The bill that we have before us could have been introduced years ago. For whatever reasons, the government has not really acted on the issue. In fact, in principle, we in the Liberal Party support the bill going to committee stage so that we can hear some more technical presentations and make sure that we are moving in the right direction.
Suffice it to say, former Prime Ministers Jean Chrétien and Paul Martin were leaders at the time in ensuring that Canada would be at the table and that our viewpoints would in fact be heard. I believe that through both Mr. Chrétien and Mr. Martin, at least in part, we were able to see these treaties come into play. I think that speaks volumes.
My NDP colleagues talk about how they believe in the importance of addressing the issue. Not only do Liberals believe in it, we have acted on it. Both Liberal prime ministers, predating the current Prime Minister, played a critical role in getting those treaties at least signed off by Canada and raised the concerns we would have in regard to the whole area of nuclear. There is the negative side, but there is somewhat of a positive side, and I will make some reference to that also.
This has been sitting on the back burner. It is encouraging that Senate has seen the value in bringing it forth and getting the ball rolling.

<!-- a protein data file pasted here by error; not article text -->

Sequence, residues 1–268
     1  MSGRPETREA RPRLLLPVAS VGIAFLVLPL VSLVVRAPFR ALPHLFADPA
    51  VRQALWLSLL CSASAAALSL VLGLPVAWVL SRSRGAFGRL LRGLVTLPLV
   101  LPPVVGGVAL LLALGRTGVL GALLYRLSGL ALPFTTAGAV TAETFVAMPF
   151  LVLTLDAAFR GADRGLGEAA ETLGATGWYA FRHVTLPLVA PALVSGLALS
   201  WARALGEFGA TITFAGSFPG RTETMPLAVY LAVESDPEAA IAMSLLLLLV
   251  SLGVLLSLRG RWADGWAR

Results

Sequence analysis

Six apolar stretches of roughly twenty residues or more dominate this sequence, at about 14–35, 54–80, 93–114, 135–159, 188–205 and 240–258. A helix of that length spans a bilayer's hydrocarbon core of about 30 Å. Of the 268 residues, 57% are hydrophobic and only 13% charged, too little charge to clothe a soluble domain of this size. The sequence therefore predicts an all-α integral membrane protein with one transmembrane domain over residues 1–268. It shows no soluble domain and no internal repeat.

I appreciate that the Senate had the opportunity for some public meetings on the issue. I was quite pleased to see that some amendments were suggested. Former general Senator Dallaire provided some feed back on the importance of incorporating into an amendment something that would prohibit the making of radioactive devices. It is important that we recognize, as Senator Dallaire has, that even though we have Bill S-9, there is a need for us to be diligent as we go through the committee process, because there is the opportunity to make it better legislation.
Like the Senate, I would suggest the House vote in favour of the bill. I do not see it as controversial legislation. At the very least, let us see if we can pass it through second reading and ultimately get it to committee stage.
I am not the critic assigned to the bill, but I can assure the House that our critic for public safety has a great many thoughts and concerns that we would like to express at the committee stage, but most important, we would like to encourage the government to have an open mind in approaching the committee stage, with the idea that the bill can be improved upon.